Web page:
Kotak Select Focus: Smart navigator of choppy markets

Across market cycles, the fund invests mainly in large-cap stocks



With the markets yo-yoing, Kotak Select Focus, a fund that navigates choppy waters well, is a good choice. Launched just after the 2008-09 crash, the fund has contained losses well in volatile markets, such as 2011, 2013 and 2015. It has consistently done better than its benchmark, the CNX 200 index, over one-, three- and five-year periods, to the extent of 5-8 percentage points. In these timeframes, the fund has also fared better than peers, such as Birla Sun Life Frontline Equity, L&T Equity and Canara Robeco Equity Diversified.

Investment style

Across market cycles, Kotak Select Focus predominantly invests in large-cap stocks (market capitalisation of over ₹10,000 crore). While it does take exposure to mid-caps up to 20 per cent of its portfolio, it tweaks its allocations in this space depending on the market situation. In 2012, for example, it spotted the mid-cap-led rally early enough to push up exposure in this segment to 18 per cent. But in the falling markets of 2011 and 2013, the fund took refuge in large-caps and pushed down mid-cap holdings to below 10 per cent.

While it latched on to mid-caps again in 2014, it held on to them even as markets turned choppy in 2015. With large-caps falling more sharply in the last one year, the fund has been able to contain losses much better than the benchmark, thanks to its 16-17 per cent mid-cap exposure in this period.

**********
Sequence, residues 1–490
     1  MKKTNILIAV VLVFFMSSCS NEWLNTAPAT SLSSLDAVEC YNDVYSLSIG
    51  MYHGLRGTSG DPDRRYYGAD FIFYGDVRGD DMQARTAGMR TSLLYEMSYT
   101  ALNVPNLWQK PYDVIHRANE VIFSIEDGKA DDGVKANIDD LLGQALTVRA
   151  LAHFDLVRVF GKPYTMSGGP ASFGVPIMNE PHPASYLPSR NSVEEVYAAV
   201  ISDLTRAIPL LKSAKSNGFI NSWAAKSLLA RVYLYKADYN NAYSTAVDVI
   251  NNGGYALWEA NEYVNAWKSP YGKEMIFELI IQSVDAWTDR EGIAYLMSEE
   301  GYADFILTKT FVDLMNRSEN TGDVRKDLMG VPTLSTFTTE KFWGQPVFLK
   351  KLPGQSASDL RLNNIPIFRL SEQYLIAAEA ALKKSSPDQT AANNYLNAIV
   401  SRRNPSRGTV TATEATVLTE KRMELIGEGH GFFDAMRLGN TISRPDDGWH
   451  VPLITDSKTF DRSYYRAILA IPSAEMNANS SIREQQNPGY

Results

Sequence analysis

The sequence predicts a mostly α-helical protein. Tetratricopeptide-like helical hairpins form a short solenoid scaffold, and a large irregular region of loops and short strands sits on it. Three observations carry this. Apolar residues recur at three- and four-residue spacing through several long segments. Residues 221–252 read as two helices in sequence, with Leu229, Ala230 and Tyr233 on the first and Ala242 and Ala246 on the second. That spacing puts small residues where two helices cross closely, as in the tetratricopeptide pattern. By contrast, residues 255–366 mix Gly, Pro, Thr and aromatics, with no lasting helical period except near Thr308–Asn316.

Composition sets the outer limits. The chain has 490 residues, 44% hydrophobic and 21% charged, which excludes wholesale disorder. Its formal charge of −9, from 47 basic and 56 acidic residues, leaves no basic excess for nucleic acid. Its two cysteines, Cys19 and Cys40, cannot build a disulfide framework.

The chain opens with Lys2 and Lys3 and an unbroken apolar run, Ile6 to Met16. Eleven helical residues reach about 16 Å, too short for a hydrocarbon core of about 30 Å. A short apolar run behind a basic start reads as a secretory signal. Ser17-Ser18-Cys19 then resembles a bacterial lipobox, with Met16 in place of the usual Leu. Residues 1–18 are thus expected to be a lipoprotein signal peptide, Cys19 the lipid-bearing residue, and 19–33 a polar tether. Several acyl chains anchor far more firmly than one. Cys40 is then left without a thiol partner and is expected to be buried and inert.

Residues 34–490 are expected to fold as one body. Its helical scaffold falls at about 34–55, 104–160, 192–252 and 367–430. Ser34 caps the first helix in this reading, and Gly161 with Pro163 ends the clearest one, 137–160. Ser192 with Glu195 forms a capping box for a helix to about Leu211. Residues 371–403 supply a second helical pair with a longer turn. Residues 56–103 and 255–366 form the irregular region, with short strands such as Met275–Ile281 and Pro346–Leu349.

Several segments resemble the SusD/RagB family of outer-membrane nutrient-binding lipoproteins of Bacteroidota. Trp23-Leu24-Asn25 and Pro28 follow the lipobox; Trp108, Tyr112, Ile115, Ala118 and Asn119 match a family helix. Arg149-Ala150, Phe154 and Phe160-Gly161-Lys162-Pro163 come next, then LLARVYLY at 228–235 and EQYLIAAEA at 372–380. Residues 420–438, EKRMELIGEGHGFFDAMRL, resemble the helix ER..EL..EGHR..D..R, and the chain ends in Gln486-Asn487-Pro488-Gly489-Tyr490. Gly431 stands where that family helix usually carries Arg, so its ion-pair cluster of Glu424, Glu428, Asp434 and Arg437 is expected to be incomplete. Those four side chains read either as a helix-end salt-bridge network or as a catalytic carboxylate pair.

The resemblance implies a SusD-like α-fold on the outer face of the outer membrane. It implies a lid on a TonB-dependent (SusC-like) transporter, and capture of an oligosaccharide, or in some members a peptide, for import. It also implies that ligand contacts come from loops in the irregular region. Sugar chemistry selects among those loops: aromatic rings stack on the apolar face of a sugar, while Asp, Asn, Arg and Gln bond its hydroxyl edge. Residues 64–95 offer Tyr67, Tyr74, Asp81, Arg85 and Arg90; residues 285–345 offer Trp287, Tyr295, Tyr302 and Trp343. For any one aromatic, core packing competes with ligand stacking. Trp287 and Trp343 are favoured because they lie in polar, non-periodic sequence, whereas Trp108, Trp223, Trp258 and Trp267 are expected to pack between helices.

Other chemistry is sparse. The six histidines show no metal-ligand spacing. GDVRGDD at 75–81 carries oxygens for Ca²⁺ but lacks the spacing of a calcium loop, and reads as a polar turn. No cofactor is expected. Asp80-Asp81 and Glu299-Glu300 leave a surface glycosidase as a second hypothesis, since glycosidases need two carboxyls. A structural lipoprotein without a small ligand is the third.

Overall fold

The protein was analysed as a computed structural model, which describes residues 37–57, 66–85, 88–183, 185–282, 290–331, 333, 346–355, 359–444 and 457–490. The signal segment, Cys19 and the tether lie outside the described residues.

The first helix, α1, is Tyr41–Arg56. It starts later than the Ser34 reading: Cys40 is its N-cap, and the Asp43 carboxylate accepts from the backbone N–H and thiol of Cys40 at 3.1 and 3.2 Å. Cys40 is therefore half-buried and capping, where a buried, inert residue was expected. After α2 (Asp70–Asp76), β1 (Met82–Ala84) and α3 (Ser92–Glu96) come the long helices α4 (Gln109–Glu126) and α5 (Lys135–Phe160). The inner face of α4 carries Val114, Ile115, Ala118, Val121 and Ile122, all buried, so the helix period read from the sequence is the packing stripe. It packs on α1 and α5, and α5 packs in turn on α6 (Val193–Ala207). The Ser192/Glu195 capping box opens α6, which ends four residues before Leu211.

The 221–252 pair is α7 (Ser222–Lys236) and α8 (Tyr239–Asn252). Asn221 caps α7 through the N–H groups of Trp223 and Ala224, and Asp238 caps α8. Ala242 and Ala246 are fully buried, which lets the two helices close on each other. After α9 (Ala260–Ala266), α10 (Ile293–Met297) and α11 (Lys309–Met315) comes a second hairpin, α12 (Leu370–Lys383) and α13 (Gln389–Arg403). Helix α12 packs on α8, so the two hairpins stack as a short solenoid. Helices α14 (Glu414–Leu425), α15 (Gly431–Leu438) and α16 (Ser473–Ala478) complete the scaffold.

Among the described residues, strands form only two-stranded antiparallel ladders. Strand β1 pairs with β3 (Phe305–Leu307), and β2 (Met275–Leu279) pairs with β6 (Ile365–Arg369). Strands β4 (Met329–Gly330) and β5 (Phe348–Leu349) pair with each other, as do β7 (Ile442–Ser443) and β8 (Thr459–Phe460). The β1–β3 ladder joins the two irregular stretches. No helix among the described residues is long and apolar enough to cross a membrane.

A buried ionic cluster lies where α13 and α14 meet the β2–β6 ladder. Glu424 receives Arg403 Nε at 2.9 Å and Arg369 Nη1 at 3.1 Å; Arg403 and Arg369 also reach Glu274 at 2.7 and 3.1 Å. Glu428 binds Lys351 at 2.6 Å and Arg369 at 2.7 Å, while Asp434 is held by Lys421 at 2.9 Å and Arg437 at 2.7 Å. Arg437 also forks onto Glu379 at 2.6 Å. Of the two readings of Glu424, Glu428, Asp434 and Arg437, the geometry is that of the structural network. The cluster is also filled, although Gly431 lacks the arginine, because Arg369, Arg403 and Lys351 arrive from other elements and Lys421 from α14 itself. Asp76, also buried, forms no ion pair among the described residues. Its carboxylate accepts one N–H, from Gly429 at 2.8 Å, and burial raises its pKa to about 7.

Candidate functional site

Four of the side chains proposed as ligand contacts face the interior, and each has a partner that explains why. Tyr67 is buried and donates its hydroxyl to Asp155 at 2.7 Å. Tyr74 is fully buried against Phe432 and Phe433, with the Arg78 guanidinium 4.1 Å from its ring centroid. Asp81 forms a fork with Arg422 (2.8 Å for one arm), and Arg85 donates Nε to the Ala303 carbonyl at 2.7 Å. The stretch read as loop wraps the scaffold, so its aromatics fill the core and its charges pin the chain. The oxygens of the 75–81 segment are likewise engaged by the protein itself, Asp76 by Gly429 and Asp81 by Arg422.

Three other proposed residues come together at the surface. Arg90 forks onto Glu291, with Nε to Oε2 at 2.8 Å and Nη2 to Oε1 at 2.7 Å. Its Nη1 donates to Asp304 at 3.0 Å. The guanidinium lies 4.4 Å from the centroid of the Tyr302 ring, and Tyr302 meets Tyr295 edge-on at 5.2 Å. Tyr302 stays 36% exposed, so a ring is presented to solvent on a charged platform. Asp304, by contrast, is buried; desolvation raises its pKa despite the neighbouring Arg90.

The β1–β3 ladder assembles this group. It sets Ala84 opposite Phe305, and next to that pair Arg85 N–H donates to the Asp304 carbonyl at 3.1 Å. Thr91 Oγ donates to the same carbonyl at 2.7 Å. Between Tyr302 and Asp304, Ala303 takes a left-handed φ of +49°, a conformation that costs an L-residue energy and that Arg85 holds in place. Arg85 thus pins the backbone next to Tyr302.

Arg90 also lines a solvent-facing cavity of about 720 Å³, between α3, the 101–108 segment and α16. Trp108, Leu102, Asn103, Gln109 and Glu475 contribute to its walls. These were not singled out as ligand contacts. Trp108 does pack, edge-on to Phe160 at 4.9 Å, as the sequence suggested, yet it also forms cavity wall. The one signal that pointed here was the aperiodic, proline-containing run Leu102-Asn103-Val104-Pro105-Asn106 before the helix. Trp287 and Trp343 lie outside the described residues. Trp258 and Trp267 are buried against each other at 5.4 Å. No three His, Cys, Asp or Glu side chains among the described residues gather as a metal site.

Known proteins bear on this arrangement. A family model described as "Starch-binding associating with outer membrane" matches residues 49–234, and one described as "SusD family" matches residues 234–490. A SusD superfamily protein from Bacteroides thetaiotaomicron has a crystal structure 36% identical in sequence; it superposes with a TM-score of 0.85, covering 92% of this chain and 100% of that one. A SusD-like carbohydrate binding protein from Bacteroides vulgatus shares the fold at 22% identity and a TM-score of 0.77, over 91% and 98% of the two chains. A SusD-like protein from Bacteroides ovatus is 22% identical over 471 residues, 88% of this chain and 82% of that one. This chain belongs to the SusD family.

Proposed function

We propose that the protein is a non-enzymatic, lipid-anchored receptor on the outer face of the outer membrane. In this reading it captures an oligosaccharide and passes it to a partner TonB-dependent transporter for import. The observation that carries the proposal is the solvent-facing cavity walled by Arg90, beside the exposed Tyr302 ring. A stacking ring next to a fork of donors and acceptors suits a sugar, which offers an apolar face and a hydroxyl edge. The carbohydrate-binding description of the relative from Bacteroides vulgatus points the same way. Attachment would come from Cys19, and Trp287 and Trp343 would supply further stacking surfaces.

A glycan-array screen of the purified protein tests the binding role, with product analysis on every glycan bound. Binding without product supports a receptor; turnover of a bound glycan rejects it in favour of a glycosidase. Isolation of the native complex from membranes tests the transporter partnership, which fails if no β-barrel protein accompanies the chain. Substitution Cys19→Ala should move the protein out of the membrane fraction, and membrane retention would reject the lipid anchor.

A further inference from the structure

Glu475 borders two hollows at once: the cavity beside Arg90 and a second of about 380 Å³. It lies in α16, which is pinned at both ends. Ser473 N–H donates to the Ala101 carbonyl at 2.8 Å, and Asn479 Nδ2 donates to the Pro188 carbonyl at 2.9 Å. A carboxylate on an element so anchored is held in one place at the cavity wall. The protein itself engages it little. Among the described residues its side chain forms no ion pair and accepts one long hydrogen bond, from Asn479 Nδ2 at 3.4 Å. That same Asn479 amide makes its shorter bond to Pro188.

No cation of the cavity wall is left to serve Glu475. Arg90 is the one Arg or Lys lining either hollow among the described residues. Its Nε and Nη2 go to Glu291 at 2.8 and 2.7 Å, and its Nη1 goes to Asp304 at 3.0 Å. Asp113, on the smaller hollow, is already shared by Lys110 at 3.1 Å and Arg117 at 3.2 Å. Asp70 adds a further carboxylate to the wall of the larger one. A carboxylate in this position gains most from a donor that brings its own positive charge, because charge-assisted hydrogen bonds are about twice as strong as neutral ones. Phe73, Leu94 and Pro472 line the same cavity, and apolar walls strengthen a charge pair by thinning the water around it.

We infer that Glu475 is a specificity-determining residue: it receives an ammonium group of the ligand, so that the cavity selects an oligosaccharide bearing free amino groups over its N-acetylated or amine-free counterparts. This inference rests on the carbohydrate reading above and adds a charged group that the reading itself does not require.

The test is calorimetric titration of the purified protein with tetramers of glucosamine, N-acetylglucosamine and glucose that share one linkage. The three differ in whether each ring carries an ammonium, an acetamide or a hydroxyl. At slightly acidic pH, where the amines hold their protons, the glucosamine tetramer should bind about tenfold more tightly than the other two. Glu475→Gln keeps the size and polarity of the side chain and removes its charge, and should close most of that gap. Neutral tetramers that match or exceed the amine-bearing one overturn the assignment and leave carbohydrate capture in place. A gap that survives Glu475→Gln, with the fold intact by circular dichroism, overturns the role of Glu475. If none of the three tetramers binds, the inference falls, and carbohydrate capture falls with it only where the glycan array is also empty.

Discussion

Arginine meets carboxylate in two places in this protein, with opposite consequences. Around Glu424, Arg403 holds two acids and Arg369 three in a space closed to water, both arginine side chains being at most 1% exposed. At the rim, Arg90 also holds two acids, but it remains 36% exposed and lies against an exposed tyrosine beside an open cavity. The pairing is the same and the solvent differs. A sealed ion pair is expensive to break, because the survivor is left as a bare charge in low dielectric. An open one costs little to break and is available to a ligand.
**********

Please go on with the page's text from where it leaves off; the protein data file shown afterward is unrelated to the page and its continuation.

What have also helped the fund pare losses during market slides are its higher cash and debt holdings. Considering the volatility in the last one year, the fund has steadily brought down equity holdings to around 89-90 per cent of its portfolio now. It held 96-98 per cent in equities in the 2014 rally.

Portfolio

Its sector choices also reflect the fund’s conservative approach. While banks and software are generally the top preferred sectors, Kotak Select Focus increases stakes in defensive sectors, such as pharma and consumer non-durables in falling markets. From around 2 per cent earlier in 2015, holdings in these spaces have been pushed up to about 8 per cent now. In the last one year, it has also gone easy on select banking stocks, thanks to NPA woes. It has reduced stake in SBI, Bank or Baroda, Axis and ICICI Bank while upping it in IndusInd Bank and HDFC Bank. While it cashed in on the zoom in cyclicals in 2014 through auto and auto ancillaries, it has since cut exposure, after valuations inched up for component makers, such as Bosch, and headwinds pulled down two-wheeler players, such as Hero MotoCorp. In the last few months, it has increased holdings in the cement space through JK Lakshmi Cement, Shree Cement and Ramco Cement.

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